Last year one of our grads started a discussion in our Facebook group “JC Memories”. She wanted folks to share their high school memories. Here is one of my contributions:
This happened when I was in Form 4A. In front of Apollo cinema there used to be two guys operating gambling boards. My best friend Gupta Lachman (from Rose Hall, not far from where JC used to live) and I used to hang out by the gambling boards on our way home from school in the afternoons. The boards were very colorful, as were the characters running the boards. These guys had flair. The way they shook the cup and rolled the dice and saying funny things. Gupta and I came up with a grand idea later that week. If we wagered a penny and won big we could feed beggars with the winnings. So the next day after school we browsed the posters in front Apollo cinema as usual and then we went closer to where the gambling was going on. After about ten minutes of observing the roll of the dice, we decided to put our penny on the board in a circle named “Raam aur Shyam”. Needless to say we lost our money. On our way home Gupta said, with the wisdom of hindsight, we should have placed our penny on “Toofan aur Bijilee”.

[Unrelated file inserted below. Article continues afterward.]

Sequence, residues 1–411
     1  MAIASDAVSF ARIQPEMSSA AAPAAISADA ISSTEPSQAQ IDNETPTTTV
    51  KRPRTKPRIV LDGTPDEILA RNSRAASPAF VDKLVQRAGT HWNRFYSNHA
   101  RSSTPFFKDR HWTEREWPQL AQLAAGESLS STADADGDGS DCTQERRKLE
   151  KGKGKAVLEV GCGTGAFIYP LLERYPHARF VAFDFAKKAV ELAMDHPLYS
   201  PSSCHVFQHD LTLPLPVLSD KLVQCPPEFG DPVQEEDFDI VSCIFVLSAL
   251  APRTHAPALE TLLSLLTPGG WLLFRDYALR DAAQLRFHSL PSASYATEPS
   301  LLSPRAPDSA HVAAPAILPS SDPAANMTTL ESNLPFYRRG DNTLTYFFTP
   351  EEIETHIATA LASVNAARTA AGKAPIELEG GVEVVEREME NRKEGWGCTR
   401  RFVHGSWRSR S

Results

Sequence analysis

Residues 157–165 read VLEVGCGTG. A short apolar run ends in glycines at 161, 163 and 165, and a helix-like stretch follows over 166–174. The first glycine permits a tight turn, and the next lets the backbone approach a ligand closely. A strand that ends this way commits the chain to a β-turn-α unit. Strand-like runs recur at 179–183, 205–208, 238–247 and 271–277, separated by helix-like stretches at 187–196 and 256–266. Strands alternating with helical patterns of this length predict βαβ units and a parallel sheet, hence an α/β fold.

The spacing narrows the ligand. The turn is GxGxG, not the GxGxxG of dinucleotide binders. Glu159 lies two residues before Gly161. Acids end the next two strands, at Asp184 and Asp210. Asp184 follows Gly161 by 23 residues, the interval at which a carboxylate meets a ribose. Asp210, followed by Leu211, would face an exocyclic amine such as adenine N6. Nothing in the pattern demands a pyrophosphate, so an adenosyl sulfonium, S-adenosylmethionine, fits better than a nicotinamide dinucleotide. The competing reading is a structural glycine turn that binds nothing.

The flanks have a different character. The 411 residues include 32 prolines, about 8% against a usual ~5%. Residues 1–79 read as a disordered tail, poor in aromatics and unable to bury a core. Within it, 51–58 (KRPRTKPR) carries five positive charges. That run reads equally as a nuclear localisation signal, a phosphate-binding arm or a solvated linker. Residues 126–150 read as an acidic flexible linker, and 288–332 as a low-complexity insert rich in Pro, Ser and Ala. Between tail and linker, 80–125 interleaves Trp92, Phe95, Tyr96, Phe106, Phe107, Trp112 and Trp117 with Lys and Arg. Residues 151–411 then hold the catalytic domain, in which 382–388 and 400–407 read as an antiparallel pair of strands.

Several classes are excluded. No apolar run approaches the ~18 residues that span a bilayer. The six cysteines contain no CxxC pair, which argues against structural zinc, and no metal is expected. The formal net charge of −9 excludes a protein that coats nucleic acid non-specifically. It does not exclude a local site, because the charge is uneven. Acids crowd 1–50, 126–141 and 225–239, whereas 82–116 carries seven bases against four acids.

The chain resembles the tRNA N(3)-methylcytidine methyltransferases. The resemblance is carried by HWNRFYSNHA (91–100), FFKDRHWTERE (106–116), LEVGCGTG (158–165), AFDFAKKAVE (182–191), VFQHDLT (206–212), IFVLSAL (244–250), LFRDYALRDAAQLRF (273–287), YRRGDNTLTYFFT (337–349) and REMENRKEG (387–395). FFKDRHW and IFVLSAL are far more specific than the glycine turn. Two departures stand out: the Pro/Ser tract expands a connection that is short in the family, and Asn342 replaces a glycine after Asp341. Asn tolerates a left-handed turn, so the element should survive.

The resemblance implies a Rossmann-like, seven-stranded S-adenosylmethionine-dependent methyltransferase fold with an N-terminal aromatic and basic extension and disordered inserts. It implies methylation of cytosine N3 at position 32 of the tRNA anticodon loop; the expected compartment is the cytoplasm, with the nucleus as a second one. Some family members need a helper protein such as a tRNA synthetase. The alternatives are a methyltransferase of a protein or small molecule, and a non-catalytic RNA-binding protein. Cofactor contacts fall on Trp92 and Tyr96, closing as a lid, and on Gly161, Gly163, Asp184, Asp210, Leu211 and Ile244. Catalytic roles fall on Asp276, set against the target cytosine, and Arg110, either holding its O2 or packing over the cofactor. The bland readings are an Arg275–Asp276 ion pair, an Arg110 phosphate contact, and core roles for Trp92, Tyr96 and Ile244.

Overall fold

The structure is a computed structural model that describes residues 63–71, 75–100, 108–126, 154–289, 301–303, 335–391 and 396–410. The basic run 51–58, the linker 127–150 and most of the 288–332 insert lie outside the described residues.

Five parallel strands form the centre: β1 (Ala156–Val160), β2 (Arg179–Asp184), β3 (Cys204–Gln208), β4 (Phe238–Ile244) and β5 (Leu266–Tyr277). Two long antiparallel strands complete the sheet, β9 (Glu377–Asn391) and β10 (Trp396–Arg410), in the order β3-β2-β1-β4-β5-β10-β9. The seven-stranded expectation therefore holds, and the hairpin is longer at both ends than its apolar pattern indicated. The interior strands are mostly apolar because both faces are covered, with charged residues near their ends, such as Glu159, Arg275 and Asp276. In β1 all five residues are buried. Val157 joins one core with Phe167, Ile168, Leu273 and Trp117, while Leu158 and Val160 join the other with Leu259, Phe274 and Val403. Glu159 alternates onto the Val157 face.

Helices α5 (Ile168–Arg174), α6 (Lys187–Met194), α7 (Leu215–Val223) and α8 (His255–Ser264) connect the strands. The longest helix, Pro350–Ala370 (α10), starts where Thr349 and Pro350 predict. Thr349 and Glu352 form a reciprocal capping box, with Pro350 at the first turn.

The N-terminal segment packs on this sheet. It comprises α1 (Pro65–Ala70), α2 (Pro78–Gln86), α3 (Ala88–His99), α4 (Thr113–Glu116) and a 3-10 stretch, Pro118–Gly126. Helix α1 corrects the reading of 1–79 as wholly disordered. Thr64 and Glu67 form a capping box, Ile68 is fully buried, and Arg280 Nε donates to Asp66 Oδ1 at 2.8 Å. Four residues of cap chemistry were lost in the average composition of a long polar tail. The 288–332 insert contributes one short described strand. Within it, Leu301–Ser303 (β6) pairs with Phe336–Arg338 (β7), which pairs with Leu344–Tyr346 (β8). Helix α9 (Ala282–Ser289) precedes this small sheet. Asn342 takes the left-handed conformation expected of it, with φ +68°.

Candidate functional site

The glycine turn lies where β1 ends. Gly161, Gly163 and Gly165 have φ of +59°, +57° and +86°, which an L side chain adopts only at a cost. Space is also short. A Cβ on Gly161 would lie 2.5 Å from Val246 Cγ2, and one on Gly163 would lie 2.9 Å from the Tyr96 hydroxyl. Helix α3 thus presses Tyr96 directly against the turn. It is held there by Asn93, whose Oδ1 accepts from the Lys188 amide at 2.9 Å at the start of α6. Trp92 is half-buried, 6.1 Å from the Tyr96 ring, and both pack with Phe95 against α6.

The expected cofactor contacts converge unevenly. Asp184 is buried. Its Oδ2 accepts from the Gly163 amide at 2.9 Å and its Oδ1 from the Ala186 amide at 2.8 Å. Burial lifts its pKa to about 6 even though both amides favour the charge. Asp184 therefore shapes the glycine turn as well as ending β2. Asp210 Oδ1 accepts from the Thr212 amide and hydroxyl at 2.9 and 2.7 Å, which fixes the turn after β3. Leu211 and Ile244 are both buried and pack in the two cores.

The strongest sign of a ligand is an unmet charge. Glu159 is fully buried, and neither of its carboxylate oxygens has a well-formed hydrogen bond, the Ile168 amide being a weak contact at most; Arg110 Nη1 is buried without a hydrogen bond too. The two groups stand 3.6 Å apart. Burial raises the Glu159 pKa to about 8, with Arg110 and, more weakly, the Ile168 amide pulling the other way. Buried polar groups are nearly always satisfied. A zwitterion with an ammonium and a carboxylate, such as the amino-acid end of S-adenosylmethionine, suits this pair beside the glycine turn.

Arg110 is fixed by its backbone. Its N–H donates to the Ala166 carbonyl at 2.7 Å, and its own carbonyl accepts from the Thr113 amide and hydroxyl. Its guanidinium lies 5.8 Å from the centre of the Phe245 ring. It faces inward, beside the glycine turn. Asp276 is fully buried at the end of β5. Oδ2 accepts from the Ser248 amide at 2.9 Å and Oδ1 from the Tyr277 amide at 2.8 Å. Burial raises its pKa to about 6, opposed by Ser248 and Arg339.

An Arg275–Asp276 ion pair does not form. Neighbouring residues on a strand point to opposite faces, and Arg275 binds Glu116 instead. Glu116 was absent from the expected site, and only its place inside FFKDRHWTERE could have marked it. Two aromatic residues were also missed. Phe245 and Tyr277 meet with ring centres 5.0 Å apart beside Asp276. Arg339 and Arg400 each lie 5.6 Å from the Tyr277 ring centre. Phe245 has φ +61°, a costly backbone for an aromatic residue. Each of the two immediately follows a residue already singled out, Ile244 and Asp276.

I don’t remember the full detail but one of our teachers accused me of something in class and Gupta came to my rescue. Because of that the boys started teasing him mercilessly. After their teasing, he wouldn’t speak to me unless absolutely necessary. Rest in peace, my Form 2B “knight in shining armour”
Vedica – Class of 1971
I want to thank you Rishi for keeping us informed on our youthful experiences and some fine folks who made them very memorable. Gupta was one of those guys. he got me hooked on jazz music. we used to exchange news on the music, because we both listened to the radio while doing homework. he was such a cheerful guy, my condolences to the family.
Lomas Sharma – Class of 1971
I am so sorry to hear about our classmate Gupta’s passing. My condolences to the family.RIP.
Patsy – Class of 1971
Although we are cousins, I barely knew them but I always remember my dad speaking glowingly and proudly of Ahilia’s achievements!
Rishi, Friendships are always to be treasured. Let the memories last as long as they may. May his soul rest in peace.